It was a lean, scrawny wolf, and the meat tough and stringy, but to the famished travellers it meant life, and Shad thought the half-cooked piece which Mookoomahn doled to him as his share the sweetest morsel he had ever eaten.

The wolf meat, carefully husbanded, supplied food until one morning Mookoomahn by a series of signs conveyed the information to Shad that they were within one day's march of the cache. Then they ate the last of it, that it might give them strength for the final effort.

It was evening, but not yet dark, when familiar landmarks told Shad that they were nearing the goal, and a little later they halted where the poles of Sishetakushin's lodge stood in the edge of the woods above the lake shore.

With furious haste Shad and Mookoomahn rushed to the cache, but suddenly stopped, aghast and stupefied. The cache had been rifled of its contents, and lying near it, half covered with snow, lay the frozen, emaciated body of an Indian.



An examination of the surroundings made it plain that a band of eastern Mountaineer or Mingen Indians, in a starving condition, had visited the place; that one of them, already too far exhausted to be revived, had died; that the others, taking the food, had left his body uncared for and fled.

The disappointment was quite beyond expression. Had they been in good physical condition, a short three days' travel would now have carried them to the river tilt and safety. In their present weakened and starved condition at least twice that time would be consumed in the journey, and no food remained to help them on their way.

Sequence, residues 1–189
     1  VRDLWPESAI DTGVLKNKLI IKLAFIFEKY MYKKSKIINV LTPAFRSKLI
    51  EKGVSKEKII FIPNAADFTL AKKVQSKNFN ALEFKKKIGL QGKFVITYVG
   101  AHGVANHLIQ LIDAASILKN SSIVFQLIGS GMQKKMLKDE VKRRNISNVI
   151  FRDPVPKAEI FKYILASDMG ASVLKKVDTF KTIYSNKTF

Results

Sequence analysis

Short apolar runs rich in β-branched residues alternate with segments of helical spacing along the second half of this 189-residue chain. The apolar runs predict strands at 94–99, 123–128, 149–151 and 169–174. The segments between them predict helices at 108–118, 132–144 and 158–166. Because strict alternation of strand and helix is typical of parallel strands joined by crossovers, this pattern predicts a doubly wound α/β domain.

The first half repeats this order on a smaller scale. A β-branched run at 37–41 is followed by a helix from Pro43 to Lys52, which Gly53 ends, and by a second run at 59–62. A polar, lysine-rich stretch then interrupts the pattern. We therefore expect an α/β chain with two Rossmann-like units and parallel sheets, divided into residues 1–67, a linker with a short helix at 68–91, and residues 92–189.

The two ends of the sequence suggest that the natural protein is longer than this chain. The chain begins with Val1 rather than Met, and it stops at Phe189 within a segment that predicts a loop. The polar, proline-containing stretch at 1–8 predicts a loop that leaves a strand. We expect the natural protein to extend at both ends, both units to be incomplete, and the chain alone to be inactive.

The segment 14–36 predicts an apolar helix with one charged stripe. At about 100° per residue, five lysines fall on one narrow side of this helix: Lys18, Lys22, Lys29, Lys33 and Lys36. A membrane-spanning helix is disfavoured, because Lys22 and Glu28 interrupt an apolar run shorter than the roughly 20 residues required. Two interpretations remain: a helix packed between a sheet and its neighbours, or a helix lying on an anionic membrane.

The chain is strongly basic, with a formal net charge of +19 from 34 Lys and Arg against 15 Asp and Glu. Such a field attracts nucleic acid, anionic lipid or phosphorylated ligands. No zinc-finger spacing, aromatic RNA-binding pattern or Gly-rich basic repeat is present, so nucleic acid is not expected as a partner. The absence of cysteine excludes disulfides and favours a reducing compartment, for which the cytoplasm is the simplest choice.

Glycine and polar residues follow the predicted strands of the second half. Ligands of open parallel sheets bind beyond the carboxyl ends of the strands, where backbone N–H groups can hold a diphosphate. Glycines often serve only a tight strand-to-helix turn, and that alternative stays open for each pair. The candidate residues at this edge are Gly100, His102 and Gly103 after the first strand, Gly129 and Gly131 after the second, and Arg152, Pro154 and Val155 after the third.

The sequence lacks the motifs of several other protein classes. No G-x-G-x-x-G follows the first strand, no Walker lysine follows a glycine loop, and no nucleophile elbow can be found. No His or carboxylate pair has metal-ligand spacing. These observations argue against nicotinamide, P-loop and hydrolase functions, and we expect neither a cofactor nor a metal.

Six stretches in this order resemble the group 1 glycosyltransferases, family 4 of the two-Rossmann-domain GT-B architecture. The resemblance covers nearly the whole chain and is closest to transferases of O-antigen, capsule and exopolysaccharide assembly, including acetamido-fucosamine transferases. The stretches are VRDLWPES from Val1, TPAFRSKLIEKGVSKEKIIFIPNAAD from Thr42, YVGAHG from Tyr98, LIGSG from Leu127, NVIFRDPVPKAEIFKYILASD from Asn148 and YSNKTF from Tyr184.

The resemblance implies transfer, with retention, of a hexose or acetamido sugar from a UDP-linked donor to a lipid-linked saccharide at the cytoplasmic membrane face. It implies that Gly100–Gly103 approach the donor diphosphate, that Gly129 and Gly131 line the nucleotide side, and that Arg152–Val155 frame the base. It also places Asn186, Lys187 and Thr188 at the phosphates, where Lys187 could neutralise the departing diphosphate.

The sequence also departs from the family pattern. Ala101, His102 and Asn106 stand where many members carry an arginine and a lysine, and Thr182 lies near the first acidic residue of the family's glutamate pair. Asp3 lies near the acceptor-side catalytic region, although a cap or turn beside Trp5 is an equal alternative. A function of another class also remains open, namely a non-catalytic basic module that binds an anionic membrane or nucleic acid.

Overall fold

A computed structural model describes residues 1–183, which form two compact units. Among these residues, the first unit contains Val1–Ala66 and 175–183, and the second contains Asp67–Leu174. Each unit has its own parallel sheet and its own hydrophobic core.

In deep depression Shad assisted Manikawan to stretch the deerskin covering upon the lodge, while Mookoomahn gathered wood for the fire. Clumsy with weakness, dizzy with disappointment, Shad reached to spread the skin, his snowshoes became entangled, he stumbled and fell. When he attempted to rise he discovered to his dismay that he had wrenched a knee, and when he attempted to walk he was scarcely able to hobble into the lodge.

The last bare chance of life fled, the last thread of flickering hope broken, Shad sank down, little caring for the pain, numb with a certainty of quickly impending death. He could not keep the pace of the Indians. He could not travel at all, and he could neither ask nor expect that they do otherwise than proceed as usual after a period of rest, and leave him to his fate.

Very early in the morning Shad heard a movement in the lodge, and realised that Mookoomahn and Manikawan were engaged in low and earnest conversation. This meant, he was sure, that they were going.

He vaguely wondered whether they would take the lodge with them and leave him to die the more quickly in the intense cold of the open, or whether they would leave it behind them as a weight now too great to be hauled farther upon their toboggan.

He did not care much. He was resigned to his fate. He suffered now no pain of body, save an occasional twitch of the knee when he moved. The hunger pain had gone. It would be sweet and restful, after all, to lie there and die peacefully. It would end the struggle for existence. There would be no more weary plodding over boundless snow wastes. The end of hope was the end of trouble and pain.

With his acceptance of the inevitable, and resignation to his fate, a great lassitude fell upon him. He was overcome with a drowsiness, and as the swish, swish of retreating snowshoes fell upon his ears he dropped into a heavy sleep.

It must have been hours later when Shad opened his eyes to behold sitting opposite him, across the fire, Manikawan. She smiled when she saw that he was awake, and he thought how thin and worn she looked, a mere shadow of the Manikawan he had first known.